Books > Old Books > A BRIEF HISTORY OF ENGLISH LITERATURE (1914)


Page 69

CHAPTER IV
FIFTEENTH CENTURY - THE PEOPLE'S CENTURY

a member of the royal house, and to her he wrote the tender verses of The King's Ouair.1 He describes his loneliness as follows :
Bewailing in my chamber thus allone,
Despeired of all joye and remedye,
For-tirit of my thoght, and wo be-one,
Unto the wyndow gan I walk in hye,
To se the warld and folk that went forby ;
As for the tyme, though I of mirthis fude
Myght have no more, to luke it did me gude.

He catches sight of the princess walking in the garden.
The fairest or the freschest younge floure
That ever I sawe, methought, before that houre,

He gazes at her ; then,
And in my hede I drew rycht hastily,
Ant eft sones I lent it out ageyne,
And saw hir walk that verray womanly,
With no wight mo, bot only women tueyne,
Than gan I studye in myself and seyne,
Ah ! suete, are ye a warldly creature,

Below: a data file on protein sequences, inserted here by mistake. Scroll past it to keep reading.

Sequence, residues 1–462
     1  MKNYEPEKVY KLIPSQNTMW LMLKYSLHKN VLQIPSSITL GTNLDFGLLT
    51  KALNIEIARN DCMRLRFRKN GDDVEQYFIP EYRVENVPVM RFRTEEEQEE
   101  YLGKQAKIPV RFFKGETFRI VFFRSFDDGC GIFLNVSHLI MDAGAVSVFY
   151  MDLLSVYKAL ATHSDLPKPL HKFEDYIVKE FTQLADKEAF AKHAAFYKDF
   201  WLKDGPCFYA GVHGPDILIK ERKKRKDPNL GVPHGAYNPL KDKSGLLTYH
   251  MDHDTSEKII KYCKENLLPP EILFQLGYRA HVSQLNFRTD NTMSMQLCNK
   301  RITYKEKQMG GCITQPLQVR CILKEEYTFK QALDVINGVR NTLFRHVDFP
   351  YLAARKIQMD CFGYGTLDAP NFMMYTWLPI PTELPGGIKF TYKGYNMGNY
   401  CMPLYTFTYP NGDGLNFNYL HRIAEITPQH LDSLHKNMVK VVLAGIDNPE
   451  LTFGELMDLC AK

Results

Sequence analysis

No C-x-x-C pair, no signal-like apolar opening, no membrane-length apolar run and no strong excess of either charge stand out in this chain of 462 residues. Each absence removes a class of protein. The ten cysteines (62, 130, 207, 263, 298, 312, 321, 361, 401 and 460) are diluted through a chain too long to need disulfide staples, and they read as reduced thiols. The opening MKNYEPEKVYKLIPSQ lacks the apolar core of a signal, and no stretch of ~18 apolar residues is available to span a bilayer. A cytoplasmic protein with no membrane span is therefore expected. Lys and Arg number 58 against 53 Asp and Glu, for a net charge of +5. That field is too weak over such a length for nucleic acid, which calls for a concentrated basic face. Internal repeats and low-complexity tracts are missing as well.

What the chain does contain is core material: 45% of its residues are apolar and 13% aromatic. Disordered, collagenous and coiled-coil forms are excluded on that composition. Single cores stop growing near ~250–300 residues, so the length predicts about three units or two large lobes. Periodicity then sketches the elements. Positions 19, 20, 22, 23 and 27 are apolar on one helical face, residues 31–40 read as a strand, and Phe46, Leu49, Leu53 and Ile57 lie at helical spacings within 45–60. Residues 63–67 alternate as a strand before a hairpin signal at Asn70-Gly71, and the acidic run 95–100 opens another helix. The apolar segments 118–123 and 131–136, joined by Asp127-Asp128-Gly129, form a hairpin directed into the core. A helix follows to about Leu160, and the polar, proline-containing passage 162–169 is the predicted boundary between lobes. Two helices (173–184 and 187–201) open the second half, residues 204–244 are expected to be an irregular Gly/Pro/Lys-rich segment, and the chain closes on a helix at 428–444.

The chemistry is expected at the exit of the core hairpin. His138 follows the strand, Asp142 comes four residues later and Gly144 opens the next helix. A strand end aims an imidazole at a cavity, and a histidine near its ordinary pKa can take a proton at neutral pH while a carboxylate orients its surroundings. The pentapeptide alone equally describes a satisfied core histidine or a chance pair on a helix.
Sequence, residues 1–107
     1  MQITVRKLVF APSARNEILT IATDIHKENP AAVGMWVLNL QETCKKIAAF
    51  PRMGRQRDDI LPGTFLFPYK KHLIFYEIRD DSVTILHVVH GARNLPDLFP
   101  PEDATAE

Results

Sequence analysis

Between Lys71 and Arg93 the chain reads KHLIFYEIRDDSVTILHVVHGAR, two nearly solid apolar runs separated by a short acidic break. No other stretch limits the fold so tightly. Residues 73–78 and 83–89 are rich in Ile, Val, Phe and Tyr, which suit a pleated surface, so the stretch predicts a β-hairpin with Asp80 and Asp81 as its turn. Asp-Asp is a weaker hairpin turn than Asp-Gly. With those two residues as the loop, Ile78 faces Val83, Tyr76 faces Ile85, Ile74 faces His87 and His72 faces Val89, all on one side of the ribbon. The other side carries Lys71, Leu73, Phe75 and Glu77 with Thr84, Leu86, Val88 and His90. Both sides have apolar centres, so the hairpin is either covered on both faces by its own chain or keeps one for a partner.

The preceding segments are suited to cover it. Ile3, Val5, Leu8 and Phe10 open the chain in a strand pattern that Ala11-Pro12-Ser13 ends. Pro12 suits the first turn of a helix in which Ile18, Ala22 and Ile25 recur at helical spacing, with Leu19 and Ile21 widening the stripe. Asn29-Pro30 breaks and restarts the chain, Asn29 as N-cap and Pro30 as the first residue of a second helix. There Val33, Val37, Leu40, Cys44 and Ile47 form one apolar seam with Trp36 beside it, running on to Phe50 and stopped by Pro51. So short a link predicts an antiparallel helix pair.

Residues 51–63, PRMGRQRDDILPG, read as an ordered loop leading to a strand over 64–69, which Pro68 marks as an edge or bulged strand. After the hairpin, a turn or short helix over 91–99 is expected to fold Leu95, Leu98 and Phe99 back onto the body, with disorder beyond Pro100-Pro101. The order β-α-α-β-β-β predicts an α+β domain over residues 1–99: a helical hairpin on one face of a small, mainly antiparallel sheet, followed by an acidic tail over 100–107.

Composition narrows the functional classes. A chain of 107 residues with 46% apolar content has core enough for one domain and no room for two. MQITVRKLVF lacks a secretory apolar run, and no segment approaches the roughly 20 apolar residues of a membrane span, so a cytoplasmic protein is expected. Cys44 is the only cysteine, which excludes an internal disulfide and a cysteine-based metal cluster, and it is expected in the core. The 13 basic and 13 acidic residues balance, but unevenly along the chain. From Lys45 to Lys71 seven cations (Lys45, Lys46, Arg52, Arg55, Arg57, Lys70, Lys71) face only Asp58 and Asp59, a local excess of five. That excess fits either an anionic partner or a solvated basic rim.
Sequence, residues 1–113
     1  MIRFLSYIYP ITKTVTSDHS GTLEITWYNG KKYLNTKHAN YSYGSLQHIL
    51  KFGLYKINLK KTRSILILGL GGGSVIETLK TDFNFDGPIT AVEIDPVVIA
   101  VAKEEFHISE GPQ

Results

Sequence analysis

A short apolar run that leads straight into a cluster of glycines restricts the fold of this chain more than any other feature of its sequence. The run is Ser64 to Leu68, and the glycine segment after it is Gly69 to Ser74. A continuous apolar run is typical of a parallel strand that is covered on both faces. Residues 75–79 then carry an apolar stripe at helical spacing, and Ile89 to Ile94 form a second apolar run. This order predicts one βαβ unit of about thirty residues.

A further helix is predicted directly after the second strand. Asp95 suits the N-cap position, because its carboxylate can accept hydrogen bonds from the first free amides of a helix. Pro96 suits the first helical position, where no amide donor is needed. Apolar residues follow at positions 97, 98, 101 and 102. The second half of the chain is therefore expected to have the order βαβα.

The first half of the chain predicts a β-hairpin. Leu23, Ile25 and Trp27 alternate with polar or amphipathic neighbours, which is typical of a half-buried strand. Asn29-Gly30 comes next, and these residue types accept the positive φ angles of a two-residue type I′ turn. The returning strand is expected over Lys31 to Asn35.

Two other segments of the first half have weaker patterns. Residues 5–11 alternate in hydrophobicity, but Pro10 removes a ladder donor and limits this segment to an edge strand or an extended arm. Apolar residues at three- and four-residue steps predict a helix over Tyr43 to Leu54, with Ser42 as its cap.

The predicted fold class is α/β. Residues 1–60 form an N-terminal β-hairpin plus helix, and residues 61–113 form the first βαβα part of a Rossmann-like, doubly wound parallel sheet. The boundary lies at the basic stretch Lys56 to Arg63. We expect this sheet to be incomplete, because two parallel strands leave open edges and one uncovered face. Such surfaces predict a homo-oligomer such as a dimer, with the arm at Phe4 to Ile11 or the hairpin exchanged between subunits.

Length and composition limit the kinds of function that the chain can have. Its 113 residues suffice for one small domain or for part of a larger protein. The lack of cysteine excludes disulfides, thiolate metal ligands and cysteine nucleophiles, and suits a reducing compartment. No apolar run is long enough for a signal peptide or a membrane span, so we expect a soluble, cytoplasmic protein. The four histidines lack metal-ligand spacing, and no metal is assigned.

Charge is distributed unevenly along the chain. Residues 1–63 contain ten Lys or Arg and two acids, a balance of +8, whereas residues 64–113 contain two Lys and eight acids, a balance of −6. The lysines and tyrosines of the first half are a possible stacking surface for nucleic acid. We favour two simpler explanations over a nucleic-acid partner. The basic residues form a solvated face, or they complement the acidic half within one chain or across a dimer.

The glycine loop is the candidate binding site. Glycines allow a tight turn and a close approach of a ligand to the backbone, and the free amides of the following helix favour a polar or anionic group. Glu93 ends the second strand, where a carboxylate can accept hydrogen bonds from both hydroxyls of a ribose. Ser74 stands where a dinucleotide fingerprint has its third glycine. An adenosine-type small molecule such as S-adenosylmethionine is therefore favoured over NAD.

Or hevinly thing in likeness of nature?

So it is that the captive king wrote his love, with a frank, admiring imitation of Chaucer, but so simply and so naturally that he is more than a name on a printed page ; and it is really a pleasure to know that the course of his love ran smooth, and that he was finally allowed to return to his kingdom with the wife whom he had chosen. This seven-line stanza was not original with him by any means, but because a king had used it, it became known as " rhyme royal."
Sir Thomas Malory. This century began and ended with royalty, for in its early years we have King James of Scotland, and toward its end we have King

1 Quire, or book.

travel books: